Taxation of Insurance Proceeds – Help Snow Tax Brakes!
Like most men I think I could give Lewis Hamilton a run for his money in the driving stakes. So I would imagine that Lewis would also have crashed (sounds dramatic doesn’t it) in to a road sign if faced with the same bad weather conditions.
Imagine the scene. An Arctic wind had blown a blizzard into Saffron Walden, visibility was down to two feet and a small child with an injured puppy was standing in the middle of the road. I took the only action I could and performed a controlled hand brake turn. But due to the black ice covering the road I had to take evasive action and used a sign to bring the car to a halt just in time. The children in the stranded school bus in front of me clapped my heroic actions.*
*For the purposes of the insurance assessor please review the claim form for the abridged version.
This slight prang has left my car looking very sorry for itself. Crumple zones on modern vehicles are fantastic for pedestrians and have saved many a life but…… why does my bumper have to be made out of paper mache and stuck together with blancmange. The results of a very low speed impact into a small road sign have left my car looking like it hit a tank and a £3,000 garage bill.
But the accident wasn’t the worst thing. After a completely accident free driving history I had to ask Mrs TTF where my insurance documents were. Once she had found out I was ok the “I told you so” look spread across her face as she had advised me not to drive in the snow. Obviously I had ignored this advice and obviously she was right. See previous blog posts where she has also been right. There has been some small ribbing so far but I can imagine that this will increase in time and of course be wheeled out when I want to perform any driving maneuver that she is against.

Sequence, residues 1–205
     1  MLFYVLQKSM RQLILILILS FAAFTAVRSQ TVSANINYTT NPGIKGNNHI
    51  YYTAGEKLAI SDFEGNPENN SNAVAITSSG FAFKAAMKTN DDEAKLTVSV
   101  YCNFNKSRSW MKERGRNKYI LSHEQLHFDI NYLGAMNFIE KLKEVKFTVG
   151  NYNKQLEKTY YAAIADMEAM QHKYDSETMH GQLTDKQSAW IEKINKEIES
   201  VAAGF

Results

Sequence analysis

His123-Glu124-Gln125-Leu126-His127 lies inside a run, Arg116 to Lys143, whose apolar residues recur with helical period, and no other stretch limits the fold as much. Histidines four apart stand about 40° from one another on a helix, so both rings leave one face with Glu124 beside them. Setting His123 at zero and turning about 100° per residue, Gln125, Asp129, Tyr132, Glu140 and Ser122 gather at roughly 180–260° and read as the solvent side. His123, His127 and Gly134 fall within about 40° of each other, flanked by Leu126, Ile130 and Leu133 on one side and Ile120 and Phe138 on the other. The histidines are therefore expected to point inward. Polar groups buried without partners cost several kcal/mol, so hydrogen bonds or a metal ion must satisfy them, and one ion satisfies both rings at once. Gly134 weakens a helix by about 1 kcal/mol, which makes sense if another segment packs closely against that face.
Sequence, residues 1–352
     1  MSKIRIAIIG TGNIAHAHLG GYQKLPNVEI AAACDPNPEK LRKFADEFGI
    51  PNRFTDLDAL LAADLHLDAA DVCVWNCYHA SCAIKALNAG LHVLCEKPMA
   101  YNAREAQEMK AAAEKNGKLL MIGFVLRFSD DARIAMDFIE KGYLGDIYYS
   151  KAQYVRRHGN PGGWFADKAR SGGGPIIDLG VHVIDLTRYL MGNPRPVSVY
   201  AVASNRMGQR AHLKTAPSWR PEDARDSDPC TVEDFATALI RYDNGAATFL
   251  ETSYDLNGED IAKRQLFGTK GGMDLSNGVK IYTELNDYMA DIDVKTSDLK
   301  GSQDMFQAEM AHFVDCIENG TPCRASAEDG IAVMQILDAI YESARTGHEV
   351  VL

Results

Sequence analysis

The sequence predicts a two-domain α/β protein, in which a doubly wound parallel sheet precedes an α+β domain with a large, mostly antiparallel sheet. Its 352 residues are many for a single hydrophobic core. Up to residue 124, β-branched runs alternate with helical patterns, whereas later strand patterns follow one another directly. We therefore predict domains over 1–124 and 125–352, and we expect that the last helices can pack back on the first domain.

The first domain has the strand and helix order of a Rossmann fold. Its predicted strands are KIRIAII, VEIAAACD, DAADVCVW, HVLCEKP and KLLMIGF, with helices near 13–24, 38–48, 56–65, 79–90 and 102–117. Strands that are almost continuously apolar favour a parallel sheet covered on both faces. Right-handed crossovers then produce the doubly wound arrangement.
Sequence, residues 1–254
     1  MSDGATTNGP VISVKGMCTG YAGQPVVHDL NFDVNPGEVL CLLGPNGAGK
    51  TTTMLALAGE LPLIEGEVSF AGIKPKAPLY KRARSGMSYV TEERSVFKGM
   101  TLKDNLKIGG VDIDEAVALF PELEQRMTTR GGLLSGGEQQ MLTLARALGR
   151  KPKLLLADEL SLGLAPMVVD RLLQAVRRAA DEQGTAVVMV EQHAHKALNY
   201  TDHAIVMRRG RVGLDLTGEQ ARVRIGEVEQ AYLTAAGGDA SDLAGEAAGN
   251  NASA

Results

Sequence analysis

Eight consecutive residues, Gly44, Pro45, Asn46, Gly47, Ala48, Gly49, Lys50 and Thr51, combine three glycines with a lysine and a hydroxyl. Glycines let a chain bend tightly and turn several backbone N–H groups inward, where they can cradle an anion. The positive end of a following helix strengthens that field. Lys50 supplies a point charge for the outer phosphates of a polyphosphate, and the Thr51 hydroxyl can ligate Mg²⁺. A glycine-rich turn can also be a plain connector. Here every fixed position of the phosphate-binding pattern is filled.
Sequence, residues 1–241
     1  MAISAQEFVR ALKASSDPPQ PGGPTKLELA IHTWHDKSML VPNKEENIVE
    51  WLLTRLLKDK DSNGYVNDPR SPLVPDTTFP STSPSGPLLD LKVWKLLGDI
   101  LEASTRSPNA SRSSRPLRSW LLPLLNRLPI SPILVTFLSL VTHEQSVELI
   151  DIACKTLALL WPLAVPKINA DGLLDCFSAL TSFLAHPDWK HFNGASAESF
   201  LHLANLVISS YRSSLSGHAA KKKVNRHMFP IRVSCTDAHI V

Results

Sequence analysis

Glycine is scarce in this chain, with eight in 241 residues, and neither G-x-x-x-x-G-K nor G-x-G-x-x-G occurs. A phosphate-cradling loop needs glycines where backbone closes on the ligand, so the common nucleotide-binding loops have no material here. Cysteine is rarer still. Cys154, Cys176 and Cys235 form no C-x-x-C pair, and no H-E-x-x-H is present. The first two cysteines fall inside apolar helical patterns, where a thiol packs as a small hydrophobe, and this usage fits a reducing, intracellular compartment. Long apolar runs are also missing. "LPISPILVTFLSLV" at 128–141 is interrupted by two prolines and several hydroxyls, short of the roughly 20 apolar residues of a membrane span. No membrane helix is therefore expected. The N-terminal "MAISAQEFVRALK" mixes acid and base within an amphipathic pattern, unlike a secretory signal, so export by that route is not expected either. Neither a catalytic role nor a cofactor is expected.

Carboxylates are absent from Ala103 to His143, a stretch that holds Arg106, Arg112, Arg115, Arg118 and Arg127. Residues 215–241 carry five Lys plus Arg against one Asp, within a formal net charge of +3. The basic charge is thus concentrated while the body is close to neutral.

As everyone ,even my “friends” who smirked, (you know who you are!) have said at least no one was hurt. I now have the headache of dealing with the garage and insurance company.
But what would be the tax effect if an asset is lost or destroyed and insurance proceeds were received?
The Tax Bit
Are insurance proceeds taxable? As with everything in tax the answer is it depends.
The basic rule in respect of insurance receipts is that the proceeds are attached to the underlying asset e.g. On the destruction of a rental property the insurance proceeds would be taxable as a capital gains disposal on the owner.
Fear not though, if the proceeds are fully used to purchase a replacement asset within one year then the gain is relieved in full. If part of the proceeds are used then a part disposal will occur and only proportion of the gain is taxable.
Asset Used in Business
The following considers an asset which is used in the trade of its owner.
a) Capital Allowances
If an asset is lost or destroyed then it is effectively treated as being disposed of for capital allowance purposes. The proceeds are therefore used to reduce the relevant capital allowance pool. A balancing charge may arise if the pool is fully exhausted.
b) Capital Gains Tax
If, in the unlikely event, that the insurance proceeds are in excess of the original cost of the asset then a capital gain may arise depending on whether the asset were chargeable. In terms of a motor vehicle this would not be the case as motor vehicles are not chargeable to CGT. In any event if a chargeable gain arose relief would be available if it were reinvested in a replacement asset within one year.
I need to go now as an angry mob is outside demanding that I repair the sign at the bottom of our road!
By Peter Cross